Sandy's approach to the Delaware Valley was largely "known" by October 25th and 26th, with most guidance suggesting impact across our region. What had not been completely settled was where the storm's center was going to come ashore -- modeling was still varying in specific landfall points...but that was immaterial given the size of the storm. By Saturday and Sunday, most modeling was suggesting a South Jersey landfall point for the storm as it continued north and then northwest towards us.
Sunday afternoon (which was the 28th), the local National Weather Service office released this powerful statement that underscored the impact of what was coming in.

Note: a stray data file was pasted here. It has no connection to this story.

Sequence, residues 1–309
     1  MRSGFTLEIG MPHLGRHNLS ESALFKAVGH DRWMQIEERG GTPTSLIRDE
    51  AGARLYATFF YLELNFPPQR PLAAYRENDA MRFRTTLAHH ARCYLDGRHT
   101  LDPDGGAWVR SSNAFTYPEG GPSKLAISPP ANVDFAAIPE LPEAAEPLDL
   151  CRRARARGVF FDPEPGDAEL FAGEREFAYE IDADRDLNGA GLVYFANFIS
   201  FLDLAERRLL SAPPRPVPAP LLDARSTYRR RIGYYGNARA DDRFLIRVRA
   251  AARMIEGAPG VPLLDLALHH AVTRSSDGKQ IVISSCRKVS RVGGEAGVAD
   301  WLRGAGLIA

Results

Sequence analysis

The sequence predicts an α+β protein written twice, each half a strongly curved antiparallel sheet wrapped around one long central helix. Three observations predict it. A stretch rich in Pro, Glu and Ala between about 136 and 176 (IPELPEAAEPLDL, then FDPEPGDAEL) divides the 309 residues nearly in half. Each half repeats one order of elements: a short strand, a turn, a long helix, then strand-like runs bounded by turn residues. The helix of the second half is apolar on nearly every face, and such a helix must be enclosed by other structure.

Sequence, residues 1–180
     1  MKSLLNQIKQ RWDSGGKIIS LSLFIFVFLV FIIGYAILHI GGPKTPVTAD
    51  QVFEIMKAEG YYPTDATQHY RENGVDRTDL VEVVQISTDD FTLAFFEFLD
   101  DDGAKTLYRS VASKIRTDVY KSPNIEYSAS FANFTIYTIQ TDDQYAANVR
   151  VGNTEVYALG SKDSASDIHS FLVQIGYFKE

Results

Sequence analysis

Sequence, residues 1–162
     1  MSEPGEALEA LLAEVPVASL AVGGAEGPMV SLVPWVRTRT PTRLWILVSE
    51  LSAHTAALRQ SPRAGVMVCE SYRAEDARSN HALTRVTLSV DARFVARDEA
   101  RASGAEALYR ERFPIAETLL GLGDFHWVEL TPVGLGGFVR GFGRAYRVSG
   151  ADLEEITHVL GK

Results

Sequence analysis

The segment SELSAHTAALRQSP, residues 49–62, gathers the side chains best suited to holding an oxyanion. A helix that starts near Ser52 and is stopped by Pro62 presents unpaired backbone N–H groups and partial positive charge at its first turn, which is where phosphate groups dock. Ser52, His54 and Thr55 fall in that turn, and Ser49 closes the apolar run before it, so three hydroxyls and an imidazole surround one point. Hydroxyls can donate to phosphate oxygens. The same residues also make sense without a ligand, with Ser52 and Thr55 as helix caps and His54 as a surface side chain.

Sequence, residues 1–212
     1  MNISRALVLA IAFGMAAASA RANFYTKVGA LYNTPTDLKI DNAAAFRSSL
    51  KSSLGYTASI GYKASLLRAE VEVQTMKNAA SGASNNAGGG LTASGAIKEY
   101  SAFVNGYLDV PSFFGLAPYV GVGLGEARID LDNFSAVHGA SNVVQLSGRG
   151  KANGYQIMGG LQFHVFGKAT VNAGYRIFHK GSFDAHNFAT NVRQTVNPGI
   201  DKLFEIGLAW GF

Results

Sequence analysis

Sandy was still about 24 hours away from its maximum fury being felt across the area. However, a year ago today the first bands of the storm were pushing in from the east in advance of the storm, despite the center of Sandy still being east of the Carolina coastline.
Here's another image of Sandy from Sunday morning as it spun northeast through the Atlantic. The size of the storm is remarkable already at this point -- covering real estate from Maine to just north of the Bahamas, from the Carolinas east to Bermuda. The storm would only grow in size over the next 24 hours before it made landfall...but Sunday (one year ago) marked that final day of preparation for many along the East Coast as Sandy approached.